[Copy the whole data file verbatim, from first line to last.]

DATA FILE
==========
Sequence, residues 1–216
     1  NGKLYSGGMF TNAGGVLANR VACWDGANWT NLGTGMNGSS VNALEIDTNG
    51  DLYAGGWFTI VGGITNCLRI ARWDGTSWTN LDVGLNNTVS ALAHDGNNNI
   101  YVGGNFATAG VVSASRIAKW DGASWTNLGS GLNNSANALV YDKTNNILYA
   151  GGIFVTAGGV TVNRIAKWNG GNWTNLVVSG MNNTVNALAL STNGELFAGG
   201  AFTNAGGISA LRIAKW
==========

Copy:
Sequence, residues 1–216
     1  NGKLYSGGMF TNAGGVLANR VACWDGANWT NLGTGMNGSS VNALEIDTNG
    51  DLYAGGWFTI VGGITNCLRI ARWDGTSWTN LDVGLNNTVS ALAHDGNNNI
   101  YVGGNFATAG VVSASRIAKW DGASWTNLGS GLNNSANALV YDKTNNILYA
   151  GGIFVTAGGV TVNRIAKWNG GNWTNLVVSG MNNTVNALAL STNGELFAGG
   201  AFTNAGGISA LRIAKW